How could new technology protect outdoor workers?
Outdoor workers consistently work enduring harsh elements. Not only can this reduce the workers ability to complete the job but also can be detrimental to their health and safety.
Extreme temperatures are one of the main causes for endangering the safety outdoor workers. In many countries, they’ve already made adaptations due to regular hot temperatures. People start their day before sunrise to avoid working in the midday heat. In warm countries like Spain and Greece, there’s already a culture of resting during the hottest part of the day. India’s National Disaster Management Authority has also advised avoiding strenuous work between 12.00 pm and 15.00pm.
Heat can kill. It lowers a worker’s ability to concentrate and leads to notable increases in workplace injuries, research suggests.
Poor sleep makes heat-related illness more likely; and high temperatures can also make it challenging to sleep. For workers operating heavy machinery, this can be a lethal combination.
But rising temperatures, linked to human-caused climate change, damage economies even beyond the immediate health impacts. Above a threshold of 20-25°C, each additional degree is associated with around a 2% drop in task productivity.
By 2030, the global cost of lower labour productivity due to heat is estimated to reach £1.8 trillion per year: West Africa will be especially hard hit.
Yet, for reasons including financial need, workplace pressure, and a lack of awareness of the health impacts of high temperatures, many people continue to work past their heat tolerance. In many countries, occupational heat health is a matter of guidance, rather than requirements to safeguard workers.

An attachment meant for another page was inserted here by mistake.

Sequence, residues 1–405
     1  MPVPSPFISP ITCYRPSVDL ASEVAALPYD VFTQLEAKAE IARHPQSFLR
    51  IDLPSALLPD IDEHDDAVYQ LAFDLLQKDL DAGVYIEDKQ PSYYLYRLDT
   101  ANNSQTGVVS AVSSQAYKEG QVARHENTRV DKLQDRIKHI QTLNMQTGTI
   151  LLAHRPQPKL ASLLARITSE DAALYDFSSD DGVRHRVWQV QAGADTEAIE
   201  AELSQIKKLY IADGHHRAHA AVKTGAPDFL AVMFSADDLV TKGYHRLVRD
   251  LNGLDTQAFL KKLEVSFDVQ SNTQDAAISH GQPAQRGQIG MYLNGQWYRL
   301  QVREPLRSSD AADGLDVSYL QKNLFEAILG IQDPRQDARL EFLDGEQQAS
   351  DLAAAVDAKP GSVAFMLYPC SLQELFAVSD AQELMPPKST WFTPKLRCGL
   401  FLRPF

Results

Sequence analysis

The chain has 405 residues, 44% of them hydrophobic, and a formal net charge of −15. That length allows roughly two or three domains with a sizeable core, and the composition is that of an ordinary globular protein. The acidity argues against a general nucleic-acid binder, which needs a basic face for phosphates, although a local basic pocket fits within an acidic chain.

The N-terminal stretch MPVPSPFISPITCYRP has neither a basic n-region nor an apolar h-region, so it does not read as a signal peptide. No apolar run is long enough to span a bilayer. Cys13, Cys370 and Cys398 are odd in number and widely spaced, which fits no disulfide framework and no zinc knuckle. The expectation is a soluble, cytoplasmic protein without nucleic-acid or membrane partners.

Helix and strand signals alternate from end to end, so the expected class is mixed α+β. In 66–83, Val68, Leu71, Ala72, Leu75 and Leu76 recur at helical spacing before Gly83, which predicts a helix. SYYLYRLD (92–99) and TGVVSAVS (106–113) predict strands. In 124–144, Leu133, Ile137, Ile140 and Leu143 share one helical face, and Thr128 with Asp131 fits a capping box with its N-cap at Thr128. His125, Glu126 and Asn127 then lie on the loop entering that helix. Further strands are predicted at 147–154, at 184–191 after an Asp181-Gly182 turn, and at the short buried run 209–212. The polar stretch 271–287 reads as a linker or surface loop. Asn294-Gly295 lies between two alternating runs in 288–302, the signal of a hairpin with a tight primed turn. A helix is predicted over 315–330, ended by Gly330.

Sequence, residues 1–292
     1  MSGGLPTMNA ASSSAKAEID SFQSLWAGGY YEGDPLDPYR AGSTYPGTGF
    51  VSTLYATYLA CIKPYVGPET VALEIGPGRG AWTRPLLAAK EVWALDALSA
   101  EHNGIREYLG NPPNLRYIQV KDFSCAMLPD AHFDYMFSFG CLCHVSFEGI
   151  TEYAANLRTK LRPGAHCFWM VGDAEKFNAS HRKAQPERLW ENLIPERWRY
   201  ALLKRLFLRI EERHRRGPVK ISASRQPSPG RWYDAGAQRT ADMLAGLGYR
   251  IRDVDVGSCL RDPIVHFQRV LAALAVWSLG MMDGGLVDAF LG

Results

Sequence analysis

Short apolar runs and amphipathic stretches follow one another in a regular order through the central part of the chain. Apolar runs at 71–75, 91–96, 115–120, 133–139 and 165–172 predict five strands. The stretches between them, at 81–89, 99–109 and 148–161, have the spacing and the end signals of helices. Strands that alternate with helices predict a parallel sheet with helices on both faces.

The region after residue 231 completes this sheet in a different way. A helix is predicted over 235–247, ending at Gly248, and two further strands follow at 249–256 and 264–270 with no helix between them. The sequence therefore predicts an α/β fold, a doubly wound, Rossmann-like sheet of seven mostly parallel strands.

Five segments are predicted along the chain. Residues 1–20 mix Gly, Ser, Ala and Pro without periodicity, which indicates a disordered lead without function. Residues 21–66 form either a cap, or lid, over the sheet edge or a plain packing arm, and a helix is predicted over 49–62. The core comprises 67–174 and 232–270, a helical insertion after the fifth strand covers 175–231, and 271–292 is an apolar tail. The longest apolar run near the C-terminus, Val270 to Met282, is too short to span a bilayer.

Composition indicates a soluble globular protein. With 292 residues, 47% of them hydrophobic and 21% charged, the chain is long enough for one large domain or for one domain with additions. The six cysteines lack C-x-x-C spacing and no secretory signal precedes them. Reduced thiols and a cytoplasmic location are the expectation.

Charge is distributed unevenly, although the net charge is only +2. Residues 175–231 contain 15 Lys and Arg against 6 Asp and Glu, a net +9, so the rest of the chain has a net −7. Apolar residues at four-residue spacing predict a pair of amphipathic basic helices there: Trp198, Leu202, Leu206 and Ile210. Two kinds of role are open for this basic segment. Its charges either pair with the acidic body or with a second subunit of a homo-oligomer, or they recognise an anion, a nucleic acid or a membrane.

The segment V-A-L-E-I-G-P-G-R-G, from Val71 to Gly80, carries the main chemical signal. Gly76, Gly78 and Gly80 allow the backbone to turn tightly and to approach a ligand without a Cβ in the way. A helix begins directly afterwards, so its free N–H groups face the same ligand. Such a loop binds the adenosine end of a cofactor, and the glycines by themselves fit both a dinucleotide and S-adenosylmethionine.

Individualised, wearable sensors could be a useful tool for determining likely heat strain. Dr Runkle believes that this technology would be especially useful in industries like construction, mining and agriculture.
Early adoption of these devices would be a win-win, according to Dr Runkle: boosting productivity and reducing injury “while ensuring the health and safety of an ageing workforce and eliminating the risk of heat strain”.
Wider take-up of wearable heat sensors by employees, employers and healthcare providers would also help overcome gaps in heat awareness.
“One important finding we discovered in our research with outdoor workers is that there was a mismatch between workers’ perception of heat risk and their actual exposure to extreme heat captured by wearables,” said Dr Runkle.
Another aid could be wearable cooling technology, but such devices are mainly in the research and development phase, or limited in availability. One such device is Sony’s Reon Pocket 2, which it launched in April. A wearable cooling or warming device worn inside clothing, it uses electrical conductors that transfer heat when electricity is run through them.
While the company is eventually planning to launch the product overseas, it’s currently only available in Japan.
The first Reon Pocket model sold 10,000 units within two days of its launch. While the new model has a special mode for keeping golf players cool, it’s apparently also being used by some outdoor workers.
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